ROBB, J., dissents with opinion. [which begins, at p. 37] Because I agree with the trial court that the A/I Endorsement of the Policy does not provide coverage for Rangeline in the Underlying Litigation, I respectfully dissent from the majority’s decision reversing the trial court.
Appellant employer Bartholomew County (“the County”) appeals the determination of Appellee the Review Board of the Indiana Department of Workforce Development (“the Review Board”) that Appellee unemployed claimant Robert L. Amos was not discharged for just cause and, therefore, is eligible for unemployment benefits. Amos was employed as a merit deputy sheriff when he playfully shot a fellow officer in the groin with non-lethal training ammunition. The Bartholomew County Sherriff’s Merit Board (“the Merit Board”) found Amos to have violated six Sheriff’s Department rules and determined these violations to be “cause” for Amos’s discharge under Indiana Code section 36-8-10-11(a). The Review Board found that the County did not uniformly enforce its rules, as required for “just cause” discharge under Indiana Code section 22-4-15-1(d)(2). The County argues that (1) the issue of whether Amos was discharged for “just cause” was collaterally estopped by the Merit Board’s determination that Amos’s rules violations were “cause” for his discharge; (2) the Review Board erred in defining the class against which uniform rule enforcement is measured; and (3) the Review Board abused its discretion in denying the County’s request to present the transcript of the Merit Board hearing as additional evidence. We affirm.Rogelio Garcia v. Garau Germano Hanley & Pennington, P.C.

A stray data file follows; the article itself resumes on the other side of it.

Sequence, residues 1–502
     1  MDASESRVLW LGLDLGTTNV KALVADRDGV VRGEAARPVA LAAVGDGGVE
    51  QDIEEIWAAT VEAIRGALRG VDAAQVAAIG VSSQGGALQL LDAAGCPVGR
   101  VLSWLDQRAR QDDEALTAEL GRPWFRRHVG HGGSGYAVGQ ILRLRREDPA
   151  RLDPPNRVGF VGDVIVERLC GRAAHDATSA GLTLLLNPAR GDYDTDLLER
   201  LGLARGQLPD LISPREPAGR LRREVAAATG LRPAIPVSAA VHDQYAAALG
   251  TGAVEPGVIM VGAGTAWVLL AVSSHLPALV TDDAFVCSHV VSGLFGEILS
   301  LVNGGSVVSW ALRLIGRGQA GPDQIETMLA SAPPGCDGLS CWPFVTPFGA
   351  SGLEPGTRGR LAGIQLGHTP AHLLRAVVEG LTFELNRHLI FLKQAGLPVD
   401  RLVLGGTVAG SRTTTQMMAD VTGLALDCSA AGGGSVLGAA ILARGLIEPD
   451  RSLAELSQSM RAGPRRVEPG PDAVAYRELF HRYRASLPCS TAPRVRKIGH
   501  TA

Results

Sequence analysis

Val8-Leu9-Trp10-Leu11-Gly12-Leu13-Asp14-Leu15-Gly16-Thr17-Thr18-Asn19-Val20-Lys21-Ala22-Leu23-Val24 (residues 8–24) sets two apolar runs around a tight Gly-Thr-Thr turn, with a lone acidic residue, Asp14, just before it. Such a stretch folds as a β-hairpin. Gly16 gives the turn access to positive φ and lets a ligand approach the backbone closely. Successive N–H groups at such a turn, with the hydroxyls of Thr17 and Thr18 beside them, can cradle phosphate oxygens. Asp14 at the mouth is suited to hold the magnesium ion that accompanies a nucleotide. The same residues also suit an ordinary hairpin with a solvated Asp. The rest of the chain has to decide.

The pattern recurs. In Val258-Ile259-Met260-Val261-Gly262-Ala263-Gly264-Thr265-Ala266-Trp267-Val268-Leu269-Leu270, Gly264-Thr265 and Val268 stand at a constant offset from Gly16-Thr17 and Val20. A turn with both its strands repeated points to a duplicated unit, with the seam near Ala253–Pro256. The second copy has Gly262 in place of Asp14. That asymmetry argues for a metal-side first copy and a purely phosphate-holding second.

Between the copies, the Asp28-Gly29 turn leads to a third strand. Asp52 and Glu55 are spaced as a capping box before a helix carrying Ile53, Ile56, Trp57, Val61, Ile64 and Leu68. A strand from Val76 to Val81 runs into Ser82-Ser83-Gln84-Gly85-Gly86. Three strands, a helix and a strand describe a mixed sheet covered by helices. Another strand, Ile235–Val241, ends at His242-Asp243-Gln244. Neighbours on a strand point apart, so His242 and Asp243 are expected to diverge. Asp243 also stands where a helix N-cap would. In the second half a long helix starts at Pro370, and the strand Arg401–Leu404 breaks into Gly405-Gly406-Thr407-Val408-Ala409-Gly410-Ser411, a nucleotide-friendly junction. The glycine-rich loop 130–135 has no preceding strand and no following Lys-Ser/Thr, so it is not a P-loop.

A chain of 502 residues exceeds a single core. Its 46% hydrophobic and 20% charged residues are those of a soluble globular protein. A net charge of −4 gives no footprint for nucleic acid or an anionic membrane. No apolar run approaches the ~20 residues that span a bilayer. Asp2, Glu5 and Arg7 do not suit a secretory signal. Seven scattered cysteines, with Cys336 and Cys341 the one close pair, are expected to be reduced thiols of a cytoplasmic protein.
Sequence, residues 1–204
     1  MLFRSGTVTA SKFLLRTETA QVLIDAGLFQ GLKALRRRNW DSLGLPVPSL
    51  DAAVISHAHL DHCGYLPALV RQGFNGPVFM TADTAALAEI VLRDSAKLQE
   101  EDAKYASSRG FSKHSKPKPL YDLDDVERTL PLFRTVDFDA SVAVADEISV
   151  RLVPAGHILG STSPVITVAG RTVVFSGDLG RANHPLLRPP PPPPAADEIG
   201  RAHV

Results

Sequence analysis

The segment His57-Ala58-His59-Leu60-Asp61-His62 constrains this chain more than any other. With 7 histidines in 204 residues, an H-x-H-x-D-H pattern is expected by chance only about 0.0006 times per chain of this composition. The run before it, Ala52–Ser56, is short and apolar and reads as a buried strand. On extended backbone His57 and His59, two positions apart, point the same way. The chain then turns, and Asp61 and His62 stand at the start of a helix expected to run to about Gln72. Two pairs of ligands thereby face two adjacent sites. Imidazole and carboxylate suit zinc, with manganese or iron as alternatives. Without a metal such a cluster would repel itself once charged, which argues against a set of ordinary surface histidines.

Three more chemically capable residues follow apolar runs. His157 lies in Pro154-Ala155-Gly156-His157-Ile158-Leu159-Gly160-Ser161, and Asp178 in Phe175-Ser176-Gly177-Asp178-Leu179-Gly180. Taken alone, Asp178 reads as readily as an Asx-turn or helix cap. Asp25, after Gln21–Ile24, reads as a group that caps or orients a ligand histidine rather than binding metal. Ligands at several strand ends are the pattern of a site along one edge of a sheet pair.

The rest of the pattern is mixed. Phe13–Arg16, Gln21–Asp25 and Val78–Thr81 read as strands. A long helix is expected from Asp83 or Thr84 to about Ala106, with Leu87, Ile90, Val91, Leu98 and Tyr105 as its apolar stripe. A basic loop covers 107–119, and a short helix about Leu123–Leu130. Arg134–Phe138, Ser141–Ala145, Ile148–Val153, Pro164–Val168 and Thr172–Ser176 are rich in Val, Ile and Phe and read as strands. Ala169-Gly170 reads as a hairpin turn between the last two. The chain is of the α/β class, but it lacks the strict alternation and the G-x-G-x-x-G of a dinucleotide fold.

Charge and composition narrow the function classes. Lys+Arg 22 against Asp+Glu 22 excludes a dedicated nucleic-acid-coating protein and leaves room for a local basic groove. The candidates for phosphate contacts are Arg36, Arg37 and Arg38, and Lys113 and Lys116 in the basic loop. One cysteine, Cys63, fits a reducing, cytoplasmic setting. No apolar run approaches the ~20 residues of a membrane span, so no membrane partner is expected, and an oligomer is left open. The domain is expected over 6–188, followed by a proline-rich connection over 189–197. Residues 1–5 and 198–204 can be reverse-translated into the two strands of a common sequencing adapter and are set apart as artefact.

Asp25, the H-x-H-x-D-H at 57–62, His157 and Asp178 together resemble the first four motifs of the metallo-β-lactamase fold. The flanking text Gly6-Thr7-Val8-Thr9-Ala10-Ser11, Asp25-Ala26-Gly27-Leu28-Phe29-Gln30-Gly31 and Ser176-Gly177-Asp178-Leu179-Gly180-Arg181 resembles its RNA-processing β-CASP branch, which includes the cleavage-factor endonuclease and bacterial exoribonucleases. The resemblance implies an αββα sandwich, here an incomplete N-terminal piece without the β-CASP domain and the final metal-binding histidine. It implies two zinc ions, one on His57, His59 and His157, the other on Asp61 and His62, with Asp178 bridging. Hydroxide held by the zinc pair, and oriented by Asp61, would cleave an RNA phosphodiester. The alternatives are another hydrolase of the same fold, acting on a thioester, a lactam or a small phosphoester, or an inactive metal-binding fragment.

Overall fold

NFP civil opinions today (5):
NFP criminal opinions today (8):
Posted by Marcia Oddi on July 30, 2014 12:46 PM
Posted to Ind. App.Ct. Decisions